Models predicting the number of cases, deaths and estimated peak of the outbreak in Minnesota have been changing since the start of this pandemic. The latest information released last week by MDH and the University of Minnesota shows a possible peak from late June to early July.
Commissioner Roberts-Davis told us health care workers across the state are already using about 73,000 masks every day. For gloves, the number is higher at about 719,000 per day. Health care workers are also using 8,000 face shields per day, 38,000 gowns per day and 11,000 N95 respirators each day.
"The burn rates are high, which as you can imagine means that we're ordering millions and millions of PPE for replenishment for the hospitals," she said.
According to data from the state's dashboard, it's been at least a month since they received a shipment of masks or gowns.
Roberts-Davis said the delay in gowns is due to challenges finding manufacturers who produce the water resistant and repellent fabric required for the gowns.
"The face masks have been difficult only because fabrication of those didn't start until a little bit later," she said. "We were looking for those in mid-March and they just weren't anywhere to be found and now we're seeing a much more steady supply of face masks and we've started to see those trickling in. I think we have several million on order of these masks and we're confident we'll get those."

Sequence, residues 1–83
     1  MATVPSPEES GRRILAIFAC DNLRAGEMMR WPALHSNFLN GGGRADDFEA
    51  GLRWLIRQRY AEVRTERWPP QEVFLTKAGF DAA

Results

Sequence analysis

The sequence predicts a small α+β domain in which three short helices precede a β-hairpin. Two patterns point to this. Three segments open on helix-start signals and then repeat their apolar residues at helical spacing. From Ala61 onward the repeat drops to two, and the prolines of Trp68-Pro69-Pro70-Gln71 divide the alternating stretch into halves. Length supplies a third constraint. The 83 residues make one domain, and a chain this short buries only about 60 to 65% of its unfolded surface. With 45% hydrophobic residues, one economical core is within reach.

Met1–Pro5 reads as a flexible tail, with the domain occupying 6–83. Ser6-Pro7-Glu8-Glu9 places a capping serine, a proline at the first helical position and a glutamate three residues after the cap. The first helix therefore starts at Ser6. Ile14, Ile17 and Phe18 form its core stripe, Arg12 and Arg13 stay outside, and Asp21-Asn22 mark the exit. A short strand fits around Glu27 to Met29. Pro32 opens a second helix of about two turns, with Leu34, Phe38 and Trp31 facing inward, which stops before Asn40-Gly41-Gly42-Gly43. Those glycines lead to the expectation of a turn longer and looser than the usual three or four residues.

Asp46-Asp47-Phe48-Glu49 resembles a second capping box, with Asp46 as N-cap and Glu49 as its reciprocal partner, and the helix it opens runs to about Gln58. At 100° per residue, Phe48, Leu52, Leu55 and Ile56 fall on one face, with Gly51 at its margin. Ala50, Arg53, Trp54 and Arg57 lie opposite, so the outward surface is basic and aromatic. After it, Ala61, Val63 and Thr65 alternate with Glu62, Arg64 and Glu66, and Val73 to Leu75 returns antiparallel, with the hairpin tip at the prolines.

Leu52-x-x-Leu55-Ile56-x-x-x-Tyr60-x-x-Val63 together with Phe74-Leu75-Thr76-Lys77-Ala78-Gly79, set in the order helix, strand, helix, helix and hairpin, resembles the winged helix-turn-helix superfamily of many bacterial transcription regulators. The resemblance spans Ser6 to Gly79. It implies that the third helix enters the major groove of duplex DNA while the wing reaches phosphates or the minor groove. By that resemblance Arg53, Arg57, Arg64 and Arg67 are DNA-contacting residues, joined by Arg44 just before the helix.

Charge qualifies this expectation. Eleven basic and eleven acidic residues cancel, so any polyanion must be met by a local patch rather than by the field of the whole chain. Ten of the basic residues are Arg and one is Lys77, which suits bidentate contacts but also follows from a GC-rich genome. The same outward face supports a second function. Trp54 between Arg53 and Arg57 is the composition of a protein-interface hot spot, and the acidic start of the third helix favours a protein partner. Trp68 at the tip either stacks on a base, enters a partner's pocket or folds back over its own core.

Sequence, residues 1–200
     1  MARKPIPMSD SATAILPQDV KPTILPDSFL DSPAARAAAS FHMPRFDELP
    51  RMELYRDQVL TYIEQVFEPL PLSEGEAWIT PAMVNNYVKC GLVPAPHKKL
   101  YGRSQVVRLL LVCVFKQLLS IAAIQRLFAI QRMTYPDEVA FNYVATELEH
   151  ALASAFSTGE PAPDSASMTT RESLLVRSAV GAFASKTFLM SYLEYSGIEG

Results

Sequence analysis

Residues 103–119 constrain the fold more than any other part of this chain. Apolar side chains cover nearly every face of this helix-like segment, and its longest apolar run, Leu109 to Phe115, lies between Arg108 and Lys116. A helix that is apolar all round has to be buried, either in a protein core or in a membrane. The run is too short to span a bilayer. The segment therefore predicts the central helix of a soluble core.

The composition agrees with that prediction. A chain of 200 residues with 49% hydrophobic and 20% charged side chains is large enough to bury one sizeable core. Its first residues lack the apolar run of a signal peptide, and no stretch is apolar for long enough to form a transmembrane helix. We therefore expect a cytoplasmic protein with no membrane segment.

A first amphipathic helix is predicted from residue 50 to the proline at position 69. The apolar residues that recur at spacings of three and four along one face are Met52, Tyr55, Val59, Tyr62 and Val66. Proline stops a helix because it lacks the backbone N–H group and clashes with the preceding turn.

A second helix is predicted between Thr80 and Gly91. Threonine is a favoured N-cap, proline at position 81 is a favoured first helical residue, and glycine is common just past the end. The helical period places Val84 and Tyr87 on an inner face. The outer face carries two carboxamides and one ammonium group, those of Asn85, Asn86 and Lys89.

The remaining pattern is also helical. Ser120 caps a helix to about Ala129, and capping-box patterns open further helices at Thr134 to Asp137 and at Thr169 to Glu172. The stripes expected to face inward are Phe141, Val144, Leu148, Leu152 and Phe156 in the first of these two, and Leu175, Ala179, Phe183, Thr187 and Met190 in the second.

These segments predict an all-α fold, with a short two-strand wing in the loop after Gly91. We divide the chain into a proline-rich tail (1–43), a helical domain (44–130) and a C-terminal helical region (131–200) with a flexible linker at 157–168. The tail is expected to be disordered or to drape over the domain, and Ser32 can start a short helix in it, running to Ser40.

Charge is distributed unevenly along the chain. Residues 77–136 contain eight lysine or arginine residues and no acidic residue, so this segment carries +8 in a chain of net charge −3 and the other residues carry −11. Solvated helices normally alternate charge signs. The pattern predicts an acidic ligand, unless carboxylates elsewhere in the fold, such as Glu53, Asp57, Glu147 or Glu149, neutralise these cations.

The commissioner told 5 EYEWITNESS NEWS Minnesota competes with other states and, in some cases, the federal government for PPE supplies.
We asked if there's been a bidding process for equipment.
"We have not engaged in any bidding processes," said Roberts-Davis. "We've been able to just create purchase orders with vendors and work out through our negotiations for timing for delivery."
She told us they're working with companies around the globe, including some in Europe and Asia.
They're ordering new supplies every day, according to Roberts-Davis. She said they're relying on the models to make sure they have enough for the peak.
"We feel fairly well situated right now, of course nobody knows how long the event will last and what the severity of it will be," she said. "But even in a four times usage scenario we feel like we'll have the PPE in the state that we require."
She said they are getting reports from hospitals twice weekly, which show most have at least a three-week inventory of all items.
State officials also told reporters during the Tuesday briefing that they have requested, and hope to get, equipment to decontaminate N95 masks for re-use. They also said the state is now distributing washable gowns.
The Minnesota Hospital Association told 5 EYEWITNESS NEWS on Tuesday that there have been challenges acquiring and replenishing PPE from suppliers.